The East Hawaii Cultural Center invites the public to an opening reception at 5:30 p.m. today for its new exhibit featuring works by Joseph Ruesing, Patti Datlof and the students of Kamehameha Schools. The EHCC is at 141 Kalakaua St. in downtown Hilo, across from Kalakaua Park.
Ruesing has a master’s degree in linguistics from Queen’s College in New York City, as well as an MBA, a bachelor’s degree in English literature with a minor in fine art and a degree from Yonsei University‘s language institute in Korea.
With the advent of digital, Ruesing found a medium especially suited to his interests and has spent the past seven years creating digital imagery.
“For this exhibition, ‘Hawaiiana Apotheosis,’ my intention is to glorify the commonplace, familiar surroundings of Hawaii. Though abstract, these images will have meaning for everyone who has ever imagined a broom to be a horse,” Ruesing said.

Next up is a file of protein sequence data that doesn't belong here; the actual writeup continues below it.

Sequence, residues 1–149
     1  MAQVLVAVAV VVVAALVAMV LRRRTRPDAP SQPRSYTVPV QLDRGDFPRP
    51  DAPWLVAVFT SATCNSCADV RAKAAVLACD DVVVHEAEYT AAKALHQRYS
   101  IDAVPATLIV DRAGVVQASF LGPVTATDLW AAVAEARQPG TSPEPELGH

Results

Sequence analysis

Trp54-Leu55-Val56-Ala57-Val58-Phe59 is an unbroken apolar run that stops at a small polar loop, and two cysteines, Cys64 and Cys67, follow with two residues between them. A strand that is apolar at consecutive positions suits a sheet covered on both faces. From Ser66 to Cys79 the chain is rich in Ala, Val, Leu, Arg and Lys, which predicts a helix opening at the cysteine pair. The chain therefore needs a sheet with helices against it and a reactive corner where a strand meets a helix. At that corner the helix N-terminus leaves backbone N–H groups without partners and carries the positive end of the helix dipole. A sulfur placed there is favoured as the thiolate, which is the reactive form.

As the 2012-13 school year comes to a close, Kamehameha Schools celebrates its ongoing partnership with EHCC as the gallery showcases work by K-12 students. Both two-dimensional and three-dimensional work will highlight the artistic growth that is an integral part of each child’s education.
Artist Datlof, inspired by the natural environment of Hawaii and her recent sailing adventures in the South Pacific, presents her current works in EHCC’s Mauka Gallery during May. Working in both cement and clay, her vessels and wall pieces have the organic appearance of lava juxtaposed with smooth, often metallic surfaces. Raku and horsehair firings give an element of excitement and surprise to the evolution of the works.
The show, “Joyful Spirit,” takes its title from her business name. Fourteen years ago, after her husband successfully dealt with a cancer scare, she decided to follow her passion and do what brings her spirit joy. She quit her teaching job and began “Joyful Spirit Arts.”